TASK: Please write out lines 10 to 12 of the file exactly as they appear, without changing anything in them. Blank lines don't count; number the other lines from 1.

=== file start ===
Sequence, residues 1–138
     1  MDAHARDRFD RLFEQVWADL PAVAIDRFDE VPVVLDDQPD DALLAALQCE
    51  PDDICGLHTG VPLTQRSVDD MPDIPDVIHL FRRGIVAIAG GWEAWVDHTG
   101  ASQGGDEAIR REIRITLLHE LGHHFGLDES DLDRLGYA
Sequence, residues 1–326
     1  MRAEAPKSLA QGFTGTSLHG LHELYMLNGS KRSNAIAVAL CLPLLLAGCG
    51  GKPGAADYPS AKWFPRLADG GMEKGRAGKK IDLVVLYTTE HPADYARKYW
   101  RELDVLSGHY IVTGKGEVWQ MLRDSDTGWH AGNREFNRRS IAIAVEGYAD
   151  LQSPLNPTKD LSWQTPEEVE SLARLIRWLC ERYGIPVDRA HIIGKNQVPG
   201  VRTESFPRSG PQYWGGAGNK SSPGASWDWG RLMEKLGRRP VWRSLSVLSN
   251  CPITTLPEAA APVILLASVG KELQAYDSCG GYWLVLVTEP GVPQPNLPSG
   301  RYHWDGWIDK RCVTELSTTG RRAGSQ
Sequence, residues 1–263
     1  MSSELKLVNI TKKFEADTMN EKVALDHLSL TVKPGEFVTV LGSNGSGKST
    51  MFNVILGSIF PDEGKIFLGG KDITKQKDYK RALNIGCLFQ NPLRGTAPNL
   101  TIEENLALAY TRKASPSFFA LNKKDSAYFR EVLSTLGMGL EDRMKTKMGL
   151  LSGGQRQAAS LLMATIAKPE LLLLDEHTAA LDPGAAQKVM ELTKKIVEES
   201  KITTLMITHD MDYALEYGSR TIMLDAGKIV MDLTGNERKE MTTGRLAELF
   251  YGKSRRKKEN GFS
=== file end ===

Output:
   201  VRTESFPRSG PQYWGGAGNK SSPGASWDWG RLMEKLGRRP VWRSLSVLSN
   251  CPITTLPEAA APVILLASVG KELQAYDSCG GYWLVLVTEP GVPQPNLPSG
   301  RYHWDGWIDK RCVTELSTTG RRAGSQ